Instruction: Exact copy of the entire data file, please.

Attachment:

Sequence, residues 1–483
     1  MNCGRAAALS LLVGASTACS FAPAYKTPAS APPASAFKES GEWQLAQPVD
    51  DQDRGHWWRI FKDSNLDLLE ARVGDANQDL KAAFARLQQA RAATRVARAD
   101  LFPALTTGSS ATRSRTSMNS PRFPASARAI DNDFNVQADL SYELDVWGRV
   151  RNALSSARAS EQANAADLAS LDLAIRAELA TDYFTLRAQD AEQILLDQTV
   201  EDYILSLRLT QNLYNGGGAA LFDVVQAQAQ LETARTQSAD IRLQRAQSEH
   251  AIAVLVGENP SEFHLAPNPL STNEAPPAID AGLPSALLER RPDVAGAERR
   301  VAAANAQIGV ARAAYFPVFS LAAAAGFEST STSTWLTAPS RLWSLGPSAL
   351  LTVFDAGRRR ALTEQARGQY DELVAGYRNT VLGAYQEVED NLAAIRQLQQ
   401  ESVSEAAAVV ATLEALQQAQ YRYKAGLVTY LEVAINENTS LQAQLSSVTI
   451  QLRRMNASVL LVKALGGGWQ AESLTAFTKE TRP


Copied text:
Sequence, residues 1–483
     1  MNCGRAAALS LLVGASTACS FAPAYKTPAS APPASAFKES GEWQLAQPVD
    51  DQDRGHWWRI FKDSNLDLLE ARVGDANQDL KAAFARLQQA RAATRVARAD
   101  LFPALTTGSS ATRSRTSMNS PRFPASARAI DNDFNVQADL SYELDVWGRV
   151  RNALSSARAS EQANAADLAS LDLAIRAELA TDYFTLRAQD AEQILLDQTV
   201  EDYILSLRLT QNLYNGGGAA LFDVVQAQAQ LETARTQSAD IRLQRAQSEH
   251  AIAVLVGENP SEFHLAPNPL STNEAPPAID AGLPSALLER RPDVAGAERR
   301  VAAANAQIGV ARAAYFPVFS LAAAAGFEST STSTWLTAPS RLWSLGPSAL
   351  LTVFDAGRRR ALTEQARGQY DELVAGYRNT VLGAYQEVED NLAAIRQLQQ
   401  ESVSEAAAVV ATLEALQQAQ YRYKAGLVTY LEVAINENTS LQAQLSSVTI
   451  QLRRMNASVL LVKALGGGWQ AESLTAFTKE TRP